Let's Shoot the Messenger


And why nobody has the courage to say so

As W. Kristol points out:
Major Keller will get in more trouble for writing this, than anyone in Hasan’s chain of command or elsewhere in the government will get for failing to do their job.
There is no reason to believe that this was not a terrorist attack.

RealClearPolitics - Why I Am Angry

“But as angry as I am at what happened, I'm even angrier that it was allowed to happen. Apparently, there was no shortage of warning signs that this guy identified himself more with Islamic Jihadists than he did with the US Army....There were more than enough red flags raised that at a minimum, should have gotten Hassan kicked out of the Army.

But just like 9-11, those agencies and individuals charged with keeping America and Americans safe, failed to connect the dots that would have saved lives. Jihadist rhetoric espoused by Hassan was categorically dismissed out of submissiveness to the concepts of tolerance and diversity. The Army as an institution has been neutered by decades of political correctness and the leaders in Hassan's chain-of-command failed to act accordingly out of fear of being labeled anti-Muslim and receiving a negative evaluation report. The counter-terrorism agencies knew this guy was communicating with Al-Qaeda and dismissed it as academic research instead of delving deeper into the probability that a terrorist had infiltrated the ranks.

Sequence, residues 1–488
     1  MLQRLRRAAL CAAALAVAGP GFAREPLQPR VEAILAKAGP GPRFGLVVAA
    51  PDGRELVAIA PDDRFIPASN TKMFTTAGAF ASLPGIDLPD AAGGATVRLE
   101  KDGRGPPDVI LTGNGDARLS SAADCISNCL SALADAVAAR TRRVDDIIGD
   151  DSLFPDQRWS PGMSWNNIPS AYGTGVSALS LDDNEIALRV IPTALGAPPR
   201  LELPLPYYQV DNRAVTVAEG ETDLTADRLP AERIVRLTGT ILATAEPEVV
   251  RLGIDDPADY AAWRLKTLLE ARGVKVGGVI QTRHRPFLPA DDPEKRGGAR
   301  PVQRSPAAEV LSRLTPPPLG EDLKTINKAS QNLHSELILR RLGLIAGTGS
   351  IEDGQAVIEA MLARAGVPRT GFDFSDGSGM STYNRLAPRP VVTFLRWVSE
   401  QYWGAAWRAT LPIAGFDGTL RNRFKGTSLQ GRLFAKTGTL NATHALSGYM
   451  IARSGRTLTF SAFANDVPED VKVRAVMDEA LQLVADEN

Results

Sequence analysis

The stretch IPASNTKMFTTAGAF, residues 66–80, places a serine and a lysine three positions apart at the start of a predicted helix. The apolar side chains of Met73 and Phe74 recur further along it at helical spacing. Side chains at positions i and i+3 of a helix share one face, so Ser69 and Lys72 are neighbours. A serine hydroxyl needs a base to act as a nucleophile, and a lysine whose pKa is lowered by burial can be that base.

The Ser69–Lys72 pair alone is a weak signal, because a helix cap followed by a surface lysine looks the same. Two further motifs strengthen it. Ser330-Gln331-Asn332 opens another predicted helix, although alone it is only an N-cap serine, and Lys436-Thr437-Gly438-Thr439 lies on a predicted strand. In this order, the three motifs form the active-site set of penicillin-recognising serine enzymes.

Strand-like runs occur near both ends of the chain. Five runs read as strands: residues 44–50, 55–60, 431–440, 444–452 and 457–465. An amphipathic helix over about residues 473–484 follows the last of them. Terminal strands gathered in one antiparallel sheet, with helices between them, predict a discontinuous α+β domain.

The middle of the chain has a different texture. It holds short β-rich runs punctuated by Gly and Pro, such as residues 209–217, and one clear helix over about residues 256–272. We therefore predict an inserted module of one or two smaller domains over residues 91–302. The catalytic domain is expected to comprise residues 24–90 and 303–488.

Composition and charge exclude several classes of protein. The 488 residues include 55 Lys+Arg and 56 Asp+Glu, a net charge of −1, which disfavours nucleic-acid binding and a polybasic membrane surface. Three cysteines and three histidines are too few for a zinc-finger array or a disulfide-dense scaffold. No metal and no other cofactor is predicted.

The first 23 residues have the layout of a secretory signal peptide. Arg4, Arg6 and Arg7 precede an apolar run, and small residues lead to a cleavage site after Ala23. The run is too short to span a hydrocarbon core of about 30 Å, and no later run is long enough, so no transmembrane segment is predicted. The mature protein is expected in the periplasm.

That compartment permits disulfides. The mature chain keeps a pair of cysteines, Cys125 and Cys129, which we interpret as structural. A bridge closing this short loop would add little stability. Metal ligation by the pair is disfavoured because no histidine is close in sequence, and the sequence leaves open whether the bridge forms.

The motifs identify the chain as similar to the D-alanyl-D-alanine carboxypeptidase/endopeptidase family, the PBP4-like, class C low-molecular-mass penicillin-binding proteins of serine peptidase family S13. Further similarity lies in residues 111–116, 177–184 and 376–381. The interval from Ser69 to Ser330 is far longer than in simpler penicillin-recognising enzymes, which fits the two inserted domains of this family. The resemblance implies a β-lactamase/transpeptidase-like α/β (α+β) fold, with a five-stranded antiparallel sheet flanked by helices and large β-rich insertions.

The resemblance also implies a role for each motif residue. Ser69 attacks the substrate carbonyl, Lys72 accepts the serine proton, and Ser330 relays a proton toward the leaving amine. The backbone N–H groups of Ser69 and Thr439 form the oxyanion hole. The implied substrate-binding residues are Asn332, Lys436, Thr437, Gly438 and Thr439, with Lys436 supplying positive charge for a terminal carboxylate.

Even four hours after Hassan stood on a desk yelling Allahu Akbar and opened fire, the FBI stated that they were not investigating the attack as an act of terrorism even as there were still reports of other gunmen on the loose. Meanwhile the Army continues to dismiss it as a "tragedy" and an "isolated incident by a lone gunman" while the media has invented the psychological condition of post-traumatic stress disorder by proxy. There is more concern for promoting the appropriate information operation campaign and maintaining the illusion of safety than there is for actually exposing the weaknesses and faults in the system that allowed this to happen....

Hassan's radical ideology grew to the point that he committed mass murder because too many leaders were too afraid to lead out of fear harming their career or the image of the Army. If those leaders don't have the intestinal fortitude, moral conviction or personal courage to do stand up, speak up and protect soldiers, then retire, resign or get out of the way and let somebody else do it for you.”

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